Twitter Demographics

The data shown below were collected from the profile of 1 tweeter who shared this research output. Click here to find out more about how the information was compiled.

Mendeley readers

The data shown below were compiled from readership statistics for 35 Mendeley readers of this research output. Click here to see the associated Mendeley record.

Geographical breakdown

Country Count As %
Unknown 35 100%

Demographic breakdown

Readers by professional status Count As %
Student > Bachelor 8 23%
Student > Ph. D. Student 5 14%
Student > Master 5 14%
Student > Doctoral Student 3 9%
Student > Postgraduate 2 6%
Other 4 11%
Unknown 8 23%
Readers by discipline Count As %
Neuroscience 9 26%
Biochemistry, Genetics and Molecular Biology 6 17%
Chemistry 2 6%
Medicine and Dentistry 2 6%
Psychology 2 6%
Other 4 11%
Unknown 10 29%

Attention Score in Context

This research output has an Altmetric Attention Score of 10. This is our high-level measure of the quality and quantity of online attention that it has received. This Attention Score, as well as the ranking and number of research outputs shown below, was calculated when the research output was last mentioned on 20 December 2016.
All research outputs
#934,470
of 8,800,428 outputs
Outputs from Molecular Neurodegeneration
#110
of 432 outputs
Outputs of similar age
#45,847
of 303,053 outputs
Outputs of similar age from Molecular Neurodegeneration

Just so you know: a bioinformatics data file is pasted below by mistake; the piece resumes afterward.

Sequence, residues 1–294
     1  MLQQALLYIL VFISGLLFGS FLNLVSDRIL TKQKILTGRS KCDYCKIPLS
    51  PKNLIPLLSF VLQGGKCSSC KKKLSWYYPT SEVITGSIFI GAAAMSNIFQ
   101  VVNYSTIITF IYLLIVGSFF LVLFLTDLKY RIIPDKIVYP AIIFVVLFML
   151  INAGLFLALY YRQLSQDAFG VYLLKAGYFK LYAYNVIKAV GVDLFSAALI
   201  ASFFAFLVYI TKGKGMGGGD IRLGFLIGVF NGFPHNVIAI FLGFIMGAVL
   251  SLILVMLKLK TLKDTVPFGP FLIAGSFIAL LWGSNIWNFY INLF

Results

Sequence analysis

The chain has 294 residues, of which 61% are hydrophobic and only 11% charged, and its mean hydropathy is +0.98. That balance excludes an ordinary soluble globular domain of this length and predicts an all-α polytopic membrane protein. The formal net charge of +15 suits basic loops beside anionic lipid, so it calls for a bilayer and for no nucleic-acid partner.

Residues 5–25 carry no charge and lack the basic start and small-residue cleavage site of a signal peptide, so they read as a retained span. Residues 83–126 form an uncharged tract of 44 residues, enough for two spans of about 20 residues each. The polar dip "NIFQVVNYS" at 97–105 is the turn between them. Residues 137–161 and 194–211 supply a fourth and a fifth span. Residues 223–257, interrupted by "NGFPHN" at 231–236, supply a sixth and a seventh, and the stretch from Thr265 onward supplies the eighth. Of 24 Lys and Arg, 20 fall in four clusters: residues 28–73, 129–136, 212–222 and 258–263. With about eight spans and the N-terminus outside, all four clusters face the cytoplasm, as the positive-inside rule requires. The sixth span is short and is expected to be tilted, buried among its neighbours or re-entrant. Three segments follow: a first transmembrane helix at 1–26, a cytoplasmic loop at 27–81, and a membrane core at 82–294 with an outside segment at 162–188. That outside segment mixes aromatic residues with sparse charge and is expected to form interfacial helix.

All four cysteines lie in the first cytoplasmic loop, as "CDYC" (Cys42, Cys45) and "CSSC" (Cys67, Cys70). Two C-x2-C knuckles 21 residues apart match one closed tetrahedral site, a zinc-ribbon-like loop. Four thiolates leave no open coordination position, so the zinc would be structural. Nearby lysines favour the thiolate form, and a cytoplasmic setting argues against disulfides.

#4
of 17 outputs
Altmetric has tracked 8,800,428 research outputs across all sources so far. Compared to these this one has done well and is in the 88th percentile: it's in the top 25% of all research outputs ever tracked by Altmetric.
So far Altmetric has tracked 432 research outputs from this source. They typically receive more attention than average, with a mean Attention Score of 8.3. This one has gotten more attention than average, scoring higher than 70% of its peers.
Older research outputs will score higher simply because they've had more time to accumulate mentions. To account for age we can compare this Altmetric Attention Score to the 303,053 tracked outputs that were published within six weeks on either side of this one in any source. This one has done well, scoring higher than 84% of its contemporaries.
We're also able to compare this research output to 17 others from the same source and published within six weeks on either side of this one. This one has gotten more attention than average, scoring higher than 58% of its contemporaries.